Last weekend I was at the May Market in New Castle. It’s hosted by the Arasapha Garden Club to raise funds for the historic gardens they maintain. I set up by the plants rather than the craft vendors because my gut told me that the people buying plants would also be the ones who would have questions about their house.

What I didn’t expect was the number of plant/landscaping questions that I got. One of my first visitors asked about how to eradicate bamboo. Which of course is impossible, as I know from my parents experience. But I offered my suggestions (which were similar to those that I linked to: cut the stalks down, put Roundup on the exposed ends, and cut off the roots with a mattock), and off she went.

The next day I had a question about what to put where a holly tree had been. This was really a visual question, so after drawing a sketch of the yard, with the tree on the other side, I suggested an urn that she could plant vines in, which would make a “fountain” of green.

(photo from Plow & Hearth on-line catalog)

I did get plenty of home questions, and one on where to find or make pantry door shelves (like this).

So what do all of these questions have in common? That I was able to provide enough of an answer to get the person unstuck from their problem and closer to a solution that will work for them.

What Architects Do

Two weeks ago I volunteered for a fourth grade career day at my son’s school. I’ve done a few of these before, but only as a guest in the classroom. This would be my first “career fair” with a whole grade and lots of other parents. I enjoy these events because I enjoy educating people about what architects can do versus what people think architects do.

That morning I packed up my collection of interesting drawings, my portfolio, and some paper and pencils so they could make drawings themselves. In the gym where we were setting up, I saw that some of the other parents had brought hand-out stuff, like candy and pencils and erasers. Hmm, I thought, I’ll have to do something like that next time. There were lots of parents there (like, almost 40) with a fair range of professions.

The format had groups of five to eight kids moving from table to table for 10 minutes each for a total of an hour and half. It quickly became apparent to me that there wouldn’t be time for drawing. It also became apparent that my voice would be suffering at the end of the day (and I had a market that afternoon too.)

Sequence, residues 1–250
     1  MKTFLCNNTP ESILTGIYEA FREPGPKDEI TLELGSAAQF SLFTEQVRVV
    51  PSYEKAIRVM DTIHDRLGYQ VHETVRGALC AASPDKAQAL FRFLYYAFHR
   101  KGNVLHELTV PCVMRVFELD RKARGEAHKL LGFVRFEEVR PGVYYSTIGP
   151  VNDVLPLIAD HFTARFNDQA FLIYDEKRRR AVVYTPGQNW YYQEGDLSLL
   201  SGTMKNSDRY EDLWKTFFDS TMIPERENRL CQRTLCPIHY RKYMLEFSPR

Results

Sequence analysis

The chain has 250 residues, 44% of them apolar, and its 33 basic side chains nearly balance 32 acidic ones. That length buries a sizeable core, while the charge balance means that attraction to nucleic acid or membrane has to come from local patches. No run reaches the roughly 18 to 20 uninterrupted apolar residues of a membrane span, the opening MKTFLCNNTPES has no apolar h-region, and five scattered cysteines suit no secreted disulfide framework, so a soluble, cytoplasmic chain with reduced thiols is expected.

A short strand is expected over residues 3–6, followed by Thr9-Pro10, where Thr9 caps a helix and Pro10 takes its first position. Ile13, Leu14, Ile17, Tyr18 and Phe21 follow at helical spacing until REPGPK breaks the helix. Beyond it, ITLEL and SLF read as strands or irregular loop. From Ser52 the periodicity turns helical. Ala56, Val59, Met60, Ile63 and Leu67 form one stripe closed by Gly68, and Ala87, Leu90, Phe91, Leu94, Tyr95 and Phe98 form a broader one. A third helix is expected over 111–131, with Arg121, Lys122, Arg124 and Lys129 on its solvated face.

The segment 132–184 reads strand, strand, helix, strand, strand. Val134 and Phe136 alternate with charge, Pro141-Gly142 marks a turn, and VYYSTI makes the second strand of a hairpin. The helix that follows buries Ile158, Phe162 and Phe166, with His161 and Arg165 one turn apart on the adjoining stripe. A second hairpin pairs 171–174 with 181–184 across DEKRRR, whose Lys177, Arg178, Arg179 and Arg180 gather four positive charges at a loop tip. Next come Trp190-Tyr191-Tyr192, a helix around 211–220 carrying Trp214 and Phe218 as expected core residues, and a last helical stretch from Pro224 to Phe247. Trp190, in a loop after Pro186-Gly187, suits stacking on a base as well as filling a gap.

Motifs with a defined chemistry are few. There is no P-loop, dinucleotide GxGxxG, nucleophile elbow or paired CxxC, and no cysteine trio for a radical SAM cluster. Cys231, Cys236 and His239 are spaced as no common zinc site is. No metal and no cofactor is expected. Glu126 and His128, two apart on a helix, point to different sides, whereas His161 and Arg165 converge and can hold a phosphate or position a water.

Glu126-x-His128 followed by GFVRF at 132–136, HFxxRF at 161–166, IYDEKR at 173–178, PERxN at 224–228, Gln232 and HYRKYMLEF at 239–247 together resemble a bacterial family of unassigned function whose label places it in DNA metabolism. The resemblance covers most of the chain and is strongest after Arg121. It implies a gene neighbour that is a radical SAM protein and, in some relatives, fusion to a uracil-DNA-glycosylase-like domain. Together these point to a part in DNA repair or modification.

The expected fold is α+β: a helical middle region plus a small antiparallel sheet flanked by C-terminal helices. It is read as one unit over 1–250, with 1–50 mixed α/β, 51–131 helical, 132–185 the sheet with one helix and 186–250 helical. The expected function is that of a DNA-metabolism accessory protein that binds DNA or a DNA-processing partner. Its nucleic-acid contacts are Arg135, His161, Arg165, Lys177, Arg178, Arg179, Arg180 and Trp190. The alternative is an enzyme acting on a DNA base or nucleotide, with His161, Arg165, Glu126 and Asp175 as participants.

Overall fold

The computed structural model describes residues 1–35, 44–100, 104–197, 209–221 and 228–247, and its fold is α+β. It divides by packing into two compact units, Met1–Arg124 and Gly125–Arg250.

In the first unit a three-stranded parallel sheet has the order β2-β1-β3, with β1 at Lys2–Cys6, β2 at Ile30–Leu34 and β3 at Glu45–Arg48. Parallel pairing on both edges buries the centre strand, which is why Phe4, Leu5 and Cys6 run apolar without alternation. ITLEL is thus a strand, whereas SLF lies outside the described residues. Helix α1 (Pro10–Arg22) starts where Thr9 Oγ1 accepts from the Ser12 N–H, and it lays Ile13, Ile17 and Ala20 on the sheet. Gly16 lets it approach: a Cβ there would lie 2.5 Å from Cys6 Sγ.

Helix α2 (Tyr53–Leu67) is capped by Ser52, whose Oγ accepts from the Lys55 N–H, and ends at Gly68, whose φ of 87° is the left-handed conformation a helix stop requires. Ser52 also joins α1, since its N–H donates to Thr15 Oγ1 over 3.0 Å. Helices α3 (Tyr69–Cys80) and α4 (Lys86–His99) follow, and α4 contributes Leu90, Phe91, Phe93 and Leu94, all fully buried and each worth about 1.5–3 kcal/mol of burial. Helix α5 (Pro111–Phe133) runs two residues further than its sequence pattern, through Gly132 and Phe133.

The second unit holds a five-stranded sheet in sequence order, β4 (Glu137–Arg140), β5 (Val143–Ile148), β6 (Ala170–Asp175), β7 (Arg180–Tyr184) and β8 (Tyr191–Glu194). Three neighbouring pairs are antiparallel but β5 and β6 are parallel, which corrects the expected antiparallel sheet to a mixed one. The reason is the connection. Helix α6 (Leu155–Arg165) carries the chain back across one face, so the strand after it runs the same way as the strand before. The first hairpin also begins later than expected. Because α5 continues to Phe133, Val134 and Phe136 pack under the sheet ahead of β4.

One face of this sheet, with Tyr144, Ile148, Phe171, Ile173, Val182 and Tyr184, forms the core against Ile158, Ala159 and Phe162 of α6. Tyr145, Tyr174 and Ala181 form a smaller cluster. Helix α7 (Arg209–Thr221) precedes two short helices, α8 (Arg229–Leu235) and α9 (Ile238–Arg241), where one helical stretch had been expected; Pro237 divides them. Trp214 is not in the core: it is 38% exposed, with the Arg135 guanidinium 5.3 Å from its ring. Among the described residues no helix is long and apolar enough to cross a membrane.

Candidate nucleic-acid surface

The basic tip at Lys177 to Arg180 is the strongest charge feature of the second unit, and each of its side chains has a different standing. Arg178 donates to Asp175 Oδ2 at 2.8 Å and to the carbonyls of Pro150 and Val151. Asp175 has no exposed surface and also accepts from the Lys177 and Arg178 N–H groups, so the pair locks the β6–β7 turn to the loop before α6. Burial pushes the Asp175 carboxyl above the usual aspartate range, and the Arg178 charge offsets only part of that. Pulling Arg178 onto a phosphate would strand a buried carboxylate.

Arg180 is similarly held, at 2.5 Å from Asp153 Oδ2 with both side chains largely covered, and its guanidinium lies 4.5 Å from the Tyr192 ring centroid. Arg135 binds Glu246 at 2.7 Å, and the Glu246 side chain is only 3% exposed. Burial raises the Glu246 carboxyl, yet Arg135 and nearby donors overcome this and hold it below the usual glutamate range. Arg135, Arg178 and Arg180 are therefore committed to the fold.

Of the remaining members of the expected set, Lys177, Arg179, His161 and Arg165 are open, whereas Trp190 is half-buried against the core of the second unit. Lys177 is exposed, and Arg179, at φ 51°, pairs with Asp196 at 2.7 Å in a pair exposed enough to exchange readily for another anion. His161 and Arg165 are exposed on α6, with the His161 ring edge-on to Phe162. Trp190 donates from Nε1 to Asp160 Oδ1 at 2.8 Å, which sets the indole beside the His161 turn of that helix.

Now when I do these career presentations, I always ask  the kids first what they think architects do. “Draw buildings” or “build buildings” are the most common answers (with some statistical outliers). And they’re right. We do that. But what we really do (I feel) is solve problems. And usually those solutions are something that can be built, so we have to draw it for someone to build.

After a few groups I had settled into a routine, where I’d ask the question, validate their answers, explain about solving problems, tell the story of the railing connection at the University of Delaware that we came up with, talk about collecting information from people to make the drawing, show them the picture of the final product, answer some questions, flip through my portfolio, and then send them on to the next table.

Out of the 60 or so kids I saw, about half thought it was kind of cool what I did, a few who weren’t really there for this, and a few that really lit up at the idea of architecture as a career. But the next week I got letters from some of the kids (I’m assuming that the teacher asked them who they wanted to write to) where they thanked me for coming out. and talking to them about architecture. Some samples:

“I think your job is awesome!” (It is but don’t tell anyone, then they’ll all want to be one.)

“I create buildings with ‘LegoTM’ but first I make the colour scheemes and blue print. The drawing of the library was my favorite.”

“I like how you told me how you fixed the U.D. railing. When I wasn’t looking at your station I kept lookinging at you station because of the drawing.” (I’m not sure what that means either.)

I don’t want to get all maudlin here about kids are the future and all that. Most of these kids won’t become architects and that’s fine. I don’t do this to recruit, but as a way to slowly lower the perceived barriers to access that society and the profession has created. And so that some day, they’ll think that calling an architect first would be a good idea.